About a year ago would have been surprised. Have kept cured pork for fairly long times in the fridge and they are pretty hardy meats. After all, the purpose of curing is largely to preserve the meat. As an example, about here can go any market and find the room temperature Smithfield-type hams (which are just great). They last forever just hanging there.

Then, last spring we were on our way home and passed a market which was selling locally raised free range chickens. Went in to take a gander.

At $4.99/lb we decided the free range chicks must have been riding about in chauffered limosines and not just pecking stuff from the ground, and passed.

But did pick up some cured ham hocks for soup, or a mess of greens, or for something. They were tightly wrapped and seemed just fine on the checkout line.

Got home, opened the package, and well, we lost no time in going to the dump. (Would have cost more in gas than they were worth to return them to the store, and getting rid of that smell, which we did not pick up while the stuff was wrapped, was well worth the 7 minute drive to the dumpster).

Could not believe they could have been so tightly wrapped and so clearly off. Someone in the market must have almost hurled while rewrapping them. Needless to say will not go back to the place even if they decide the free range chickens should given away like balloons at a car dealer sale.

Don't know what they did to those hocks to get them so foul, they were still within the 'expiration date'. Have had many cured pork products in the fridge for several weeks with absolutely no suggestion of a problem or degradation in quality.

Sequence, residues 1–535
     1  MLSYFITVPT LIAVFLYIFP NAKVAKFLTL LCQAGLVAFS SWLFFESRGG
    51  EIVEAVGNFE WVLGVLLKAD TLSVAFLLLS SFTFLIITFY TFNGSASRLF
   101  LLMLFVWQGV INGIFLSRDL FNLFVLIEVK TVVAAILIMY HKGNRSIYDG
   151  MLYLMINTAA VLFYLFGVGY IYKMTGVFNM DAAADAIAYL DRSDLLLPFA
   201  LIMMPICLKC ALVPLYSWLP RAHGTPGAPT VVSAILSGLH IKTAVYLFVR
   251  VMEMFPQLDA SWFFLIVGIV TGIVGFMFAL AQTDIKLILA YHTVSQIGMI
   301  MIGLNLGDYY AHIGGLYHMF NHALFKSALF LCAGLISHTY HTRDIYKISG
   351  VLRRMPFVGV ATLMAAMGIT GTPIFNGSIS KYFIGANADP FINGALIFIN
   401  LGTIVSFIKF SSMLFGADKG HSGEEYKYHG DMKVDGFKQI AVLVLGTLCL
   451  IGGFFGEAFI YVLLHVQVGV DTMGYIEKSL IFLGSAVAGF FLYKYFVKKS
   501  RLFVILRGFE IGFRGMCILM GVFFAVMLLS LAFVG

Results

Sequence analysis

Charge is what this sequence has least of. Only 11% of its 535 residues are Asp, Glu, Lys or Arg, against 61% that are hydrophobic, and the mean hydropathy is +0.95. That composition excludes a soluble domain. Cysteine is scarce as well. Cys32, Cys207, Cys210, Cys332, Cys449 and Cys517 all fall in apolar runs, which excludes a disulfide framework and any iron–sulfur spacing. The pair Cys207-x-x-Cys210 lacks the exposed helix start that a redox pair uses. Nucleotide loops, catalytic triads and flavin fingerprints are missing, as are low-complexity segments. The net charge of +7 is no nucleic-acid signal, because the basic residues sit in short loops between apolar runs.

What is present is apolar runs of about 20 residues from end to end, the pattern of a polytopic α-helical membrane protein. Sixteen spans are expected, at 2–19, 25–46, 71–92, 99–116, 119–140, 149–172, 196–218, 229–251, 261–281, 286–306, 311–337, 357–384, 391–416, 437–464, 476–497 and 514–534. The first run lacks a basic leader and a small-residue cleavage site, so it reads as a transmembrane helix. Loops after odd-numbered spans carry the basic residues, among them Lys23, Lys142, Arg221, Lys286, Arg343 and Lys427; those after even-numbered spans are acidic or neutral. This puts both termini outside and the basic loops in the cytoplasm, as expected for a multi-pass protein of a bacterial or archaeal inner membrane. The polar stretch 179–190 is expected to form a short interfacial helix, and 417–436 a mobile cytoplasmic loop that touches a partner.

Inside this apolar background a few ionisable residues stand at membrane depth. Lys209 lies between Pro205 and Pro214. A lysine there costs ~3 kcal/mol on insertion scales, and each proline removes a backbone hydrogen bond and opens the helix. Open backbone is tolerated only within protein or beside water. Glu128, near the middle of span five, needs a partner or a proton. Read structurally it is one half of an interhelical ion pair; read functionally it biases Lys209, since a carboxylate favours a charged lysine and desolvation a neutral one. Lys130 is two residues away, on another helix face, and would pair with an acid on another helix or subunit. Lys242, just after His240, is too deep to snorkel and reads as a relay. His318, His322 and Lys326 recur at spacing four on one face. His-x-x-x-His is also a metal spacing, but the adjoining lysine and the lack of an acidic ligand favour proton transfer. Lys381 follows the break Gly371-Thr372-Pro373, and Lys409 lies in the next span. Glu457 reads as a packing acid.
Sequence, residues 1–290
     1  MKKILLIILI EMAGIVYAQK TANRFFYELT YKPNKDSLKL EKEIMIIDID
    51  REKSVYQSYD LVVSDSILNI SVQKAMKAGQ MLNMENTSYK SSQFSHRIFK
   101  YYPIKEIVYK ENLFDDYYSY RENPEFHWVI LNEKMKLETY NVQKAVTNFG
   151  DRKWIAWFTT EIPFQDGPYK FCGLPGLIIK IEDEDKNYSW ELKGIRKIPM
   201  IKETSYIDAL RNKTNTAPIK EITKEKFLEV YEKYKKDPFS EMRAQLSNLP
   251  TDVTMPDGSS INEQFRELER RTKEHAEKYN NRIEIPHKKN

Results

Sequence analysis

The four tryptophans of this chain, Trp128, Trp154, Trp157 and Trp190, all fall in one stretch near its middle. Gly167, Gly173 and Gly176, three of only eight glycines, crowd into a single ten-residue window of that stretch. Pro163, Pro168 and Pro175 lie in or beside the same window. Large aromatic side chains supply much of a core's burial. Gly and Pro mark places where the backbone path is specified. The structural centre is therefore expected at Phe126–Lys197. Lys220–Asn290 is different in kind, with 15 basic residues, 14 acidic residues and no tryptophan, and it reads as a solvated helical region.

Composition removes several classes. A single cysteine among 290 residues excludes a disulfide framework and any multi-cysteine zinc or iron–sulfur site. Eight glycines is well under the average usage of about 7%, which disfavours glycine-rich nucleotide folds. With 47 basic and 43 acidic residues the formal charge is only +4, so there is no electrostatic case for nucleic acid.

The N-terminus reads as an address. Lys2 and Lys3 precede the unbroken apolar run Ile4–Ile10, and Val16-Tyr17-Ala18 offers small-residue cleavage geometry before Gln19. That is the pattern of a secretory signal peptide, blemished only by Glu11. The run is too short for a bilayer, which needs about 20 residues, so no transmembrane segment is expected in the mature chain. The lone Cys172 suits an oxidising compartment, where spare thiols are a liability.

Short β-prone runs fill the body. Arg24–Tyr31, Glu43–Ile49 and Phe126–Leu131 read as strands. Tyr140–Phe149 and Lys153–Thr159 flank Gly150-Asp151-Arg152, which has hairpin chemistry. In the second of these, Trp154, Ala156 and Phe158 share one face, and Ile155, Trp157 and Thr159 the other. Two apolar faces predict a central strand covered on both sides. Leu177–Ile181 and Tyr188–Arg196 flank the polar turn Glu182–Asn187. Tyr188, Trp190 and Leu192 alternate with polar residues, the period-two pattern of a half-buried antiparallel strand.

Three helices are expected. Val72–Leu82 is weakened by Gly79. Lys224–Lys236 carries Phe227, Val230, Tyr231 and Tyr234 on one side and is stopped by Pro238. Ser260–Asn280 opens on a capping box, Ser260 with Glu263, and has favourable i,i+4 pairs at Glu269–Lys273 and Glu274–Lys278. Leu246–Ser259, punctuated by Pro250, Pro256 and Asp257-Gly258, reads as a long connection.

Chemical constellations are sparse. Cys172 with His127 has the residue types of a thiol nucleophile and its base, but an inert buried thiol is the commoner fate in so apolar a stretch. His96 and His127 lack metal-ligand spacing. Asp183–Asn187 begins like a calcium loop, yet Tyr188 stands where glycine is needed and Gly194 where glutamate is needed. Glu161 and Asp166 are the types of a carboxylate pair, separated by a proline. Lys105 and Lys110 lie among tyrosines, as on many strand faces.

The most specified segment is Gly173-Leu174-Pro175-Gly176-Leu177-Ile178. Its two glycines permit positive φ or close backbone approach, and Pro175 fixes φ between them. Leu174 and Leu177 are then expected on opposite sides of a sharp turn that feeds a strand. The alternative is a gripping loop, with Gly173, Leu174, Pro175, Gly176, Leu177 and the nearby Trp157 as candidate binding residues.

Maybe the offensive hocks were left out at room temperature for awhile. But for that degree of degradation it would have had to have been a long while, maybe in the Sahara desert at mid summer..

But I guess my point, am sorry for taking so long to get to one, is that cured pork products can go bad.

With smoked hocks one might have to go out of one's way to let it happen, but it can occur.

But I cannot think of any reason why a piece of pork should be giving off gas and not be spoiled.
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Old 01-16-2007, 11:16 AM   #5
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Originally Posted by auntdot
Stir, I too agree. No meat should be producing gas like that.


Tell that to my spicy pulled pork!

Seriously, meat giving off gas like that is a very bad sign. IMO toss it.
Less is not more. More is more and more is fabulous.
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Old 01-16-2007, 02:11 PM   #6
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You threw it away??? Before finding out what type of ham it was? Attic-cured, smokehouse cured, etc.,etc. Do you know, or can you find out, where the ham came from?